Walking in Acceptance

I wanted to share something I learned yesterday:

I have someone is my life who is always criticizing me. Not intentionally. Always making comments. You know. Oh, you have a pimple. Your hair looks kind of greasy. They sound so innocent, don’t they? On a page like that? How peculiar then, their power to crush my day.

Is it the person who says them, or is it the statements themselves? All I know is that one minute I’m striding along, a woman of power and joy, the queen of her world, conquering like a slayer… And next minute I’m a nobody with greasy hair. Smack go the words. Crack goes my self perception. And the girl who was accepted, in the spotlight of her accomplishments , is suddenly on the outside, looking in. Unaccepted. Reduced to… Hair. My hair is unacceptable. I am unacceptable. I am nobody on the outside of my world, like an orphan in a Dickens novel pressing my nose and grubby little fingers on the glass, lost.

Thinking about it, then, trying to regain my sense of identity, I realized something about the person who makes these comments to me. She’s unaccepted. She lives her life as unaccepted. She perceives all people as trying to become okay, trying to become good enough. She never accepts herself. She is almost never accepted then, because she walks in that nonacceptance. Everything, even greasy hair, can be a reason to be cast out.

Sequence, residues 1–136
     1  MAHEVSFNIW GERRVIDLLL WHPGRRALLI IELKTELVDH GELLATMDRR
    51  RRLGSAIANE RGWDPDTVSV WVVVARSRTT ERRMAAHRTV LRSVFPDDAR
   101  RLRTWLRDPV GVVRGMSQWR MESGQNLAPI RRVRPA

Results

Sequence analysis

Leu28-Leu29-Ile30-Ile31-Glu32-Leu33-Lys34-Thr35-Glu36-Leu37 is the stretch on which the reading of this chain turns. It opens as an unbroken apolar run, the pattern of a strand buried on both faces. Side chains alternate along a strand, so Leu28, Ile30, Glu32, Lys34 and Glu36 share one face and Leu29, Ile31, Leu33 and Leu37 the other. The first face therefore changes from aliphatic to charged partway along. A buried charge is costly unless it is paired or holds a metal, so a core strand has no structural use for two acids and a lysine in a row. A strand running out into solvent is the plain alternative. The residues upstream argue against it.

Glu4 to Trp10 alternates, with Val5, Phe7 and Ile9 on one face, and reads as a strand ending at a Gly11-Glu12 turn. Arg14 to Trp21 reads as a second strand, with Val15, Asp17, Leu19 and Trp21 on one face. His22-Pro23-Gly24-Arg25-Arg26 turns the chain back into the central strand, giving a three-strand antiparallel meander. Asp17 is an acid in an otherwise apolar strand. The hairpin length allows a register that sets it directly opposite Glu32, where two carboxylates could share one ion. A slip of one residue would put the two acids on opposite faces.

I, before I was crushed by a silly little should-be-inconsequential comment, was accepted. I lived my day as if I had already won. I scintillated. Now I stared at my reflection in a mirror, suddenly gone.

But I’m not unaccepted.

I must live my life as though I am accepted. I must walk into a room, sporting my unusual outfit or my frizzy hair, and be in complete acceptance of myself. In the end, no human being has ever accepted/rejected another human on their appearance. They accept based on what they sense. If I walk in acceptance, I will possess “star quality,” and I will have more doors opened to me than most people will ever experience. It is how you perceive yourself that controls how other people see you.

Walk in acceptance. Accept yourself and everyone around you. You don’t have to be “good enough”–you have to accept that nothing about you is a hindrance unless you let it be.

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